Of all the areas I wasn't expecting to be impressed by, the cameras were at the top of the list. When I originally covered the 5S last year, I somewhat glossed over this part of the phone, writing it off as a subpar non-focus for a gaming-centric device. To some extent, the same remains true in the 6S Pro. When comparing to a modern flagship or even a midrange more generalist device, you may be left wanting. There's little in the way of fancy additions. You have no crazy zoom, no telephoto lens, and no weird AI features being talked about. What it does have is a three camera array, featuring a 64MP Samsung sensor at the top, an 8MP ultrawide sensor in the middle, and a 2MP macro sensor at the bottom. I'd likely be doing the sensors a disservice to attempting to talk about them in-depth, so instead I'll cut right to the chase and get into how they perform.
Having just returned from a trip to Northern Ireland to see family, I had a great chance to try the camera out to its fullest with a nice assortment of buildings and beaches at various times of day. Frankly I'm really impressed. You can browse the pictures below.
Note these are the 4MP images. The 64MP images were too large in size for the review editor and can be found here.
The camera app itself is fairly intuitive for any Android users, but there are a few caveats of note. First of all, there's the watermark. I decided to leave it on for the sake of this review, but it's something there by default that could be easy to miss if you just pick up the phone for the first time and find yourself needing to snap a quick picture. I've not seen other phone brands stamp images this way so it's odd, even if it is easy to disable. Secondly, the phone's 64MP camera mode is hidden away in the "Phone ratio" choices of the camera app settings. This one is something I almost missed, just assuming the phone was giving me its best as I was happily taking pictures on the beach. Much like the comments on the Xiaomi 11T's camera though, I can completely understand why this isn't an option as standard. As well as producing huge images of between 15 and 35mb, there's also a noticeable delay when taking a picture of around half a second. It didn't get in the way of my picture taking, but I can see it being an irritation if I were stuck with it all the time. Whenever you close the app, the phone resets the camera mode to the non-64MP mode, which is handy given the delay. It would have been nice for this to be an option however. Much like the OS, the camera app is also littered with odd translations and limited explanation. There's a special setting for "Intelligent Beauty" and I really couldn't tell you what it does.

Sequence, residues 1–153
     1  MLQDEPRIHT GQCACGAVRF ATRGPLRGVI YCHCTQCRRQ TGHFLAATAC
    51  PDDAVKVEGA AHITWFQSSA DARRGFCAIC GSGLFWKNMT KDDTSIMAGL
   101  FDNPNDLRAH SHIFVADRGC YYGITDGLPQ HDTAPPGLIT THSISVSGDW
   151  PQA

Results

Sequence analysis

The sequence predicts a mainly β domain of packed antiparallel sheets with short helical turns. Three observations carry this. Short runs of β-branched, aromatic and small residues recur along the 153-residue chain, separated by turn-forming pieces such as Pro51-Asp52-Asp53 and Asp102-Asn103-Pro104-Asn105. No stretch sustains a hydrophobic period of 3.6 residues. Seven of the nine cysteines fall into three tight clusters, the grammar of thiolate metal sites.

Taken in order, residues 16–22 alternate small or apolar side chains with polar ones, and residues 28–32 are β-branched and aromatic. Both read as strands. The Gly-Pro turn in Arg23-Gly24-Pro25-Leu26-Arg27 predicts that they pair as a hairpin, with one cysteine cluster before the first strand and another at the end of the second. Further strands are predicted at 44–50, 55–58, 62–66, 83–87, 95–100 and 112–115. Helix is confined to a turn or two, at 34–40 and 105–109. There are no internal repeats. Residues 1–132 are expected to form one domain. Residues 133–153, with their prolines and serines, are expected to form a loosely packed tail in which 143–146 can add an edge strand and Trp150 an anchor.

As a daily driver, the 6S Pro has done me well for the past month or so. With a fantastic 5050mAh battery you're able to get around two days of light usage out of a single charge, with around one day of what I would call regular usage. Using the included 30W plug, you're able to get right back to 100% in just 65 minutes though, so to many who live their lives around plug sockets, battery life is becoming less and less of a common issue.
A chart of what I would call light usage.
There is more to using a phone than how long the screen can stay on though, and I've touched on my major gripes in other areas of this review. Thanks to being able to use Nova launcher, I've had a certain degree of freedom to get the phone exactly how I like it. I can swap out the gamer-aesthetic stock application icons, I can hide apps I can't uninstall, and I can avoid a few frustrating bugs. With the 5S, I did come across a bug where phone calls would show as withheld even if registered in the phone's contacts. That does seem to be resolved here from the calls I have taken, so at least one thing has been fixed since then. What would put me off recommending this more than anything at the moment though is the state of the software translation. It just doesn't feel complete, and I really hope that is because it isn't complete yet. I reached out to the PR team for some kind of confirmation of a pre-launch update, but they're yet to get back to me with anything solid. Nothing the phone does is particularly prohibitive to using it as a daily driver from my experience, but there are a lot of small frustrations that seem like they could have been avoided. And these do add up to an extent. A huge boon in the phone's favour though is the stunning display and just how smooth 165Hz is in action though. If you're coming from a 144Hz or even a 120Hz phone the difference might not be much, but for those used to the standard 60Hz it's night and day.
I am grateful to Nubia for letting me hold onto the phone for an extended period of time so I can revisit this review periodically. If such updates do end up releasing, I'll add further sections to the end of the review for easy access.
All things considered, the 6S Pro is a mixed bag for me. It is undoubtedly a phenomenal device with some of the best specs on the market, that much I can't take away from it. What keeps me from telling you to run out and buy one now however is the current state of the software. I'm almost certain it will get better, but to what extent is what's so difficult to predict. If you're just wanting a powerful and portable device at a relatively affordable price (£519 for the model being reviewed), I will say you can't go wrong for the money.
- Stellar power for the price
- Less outlandish colour scheme will likely appeal to a wider audience
- Mappable shoulder triggers remain incredibly useful for Android gaming
- Surprisingly adequate camera for a gaming-oriented device
- Luscious 165Hz display
- Software bugs
- Unfinished translation of software
- Non-expandable storage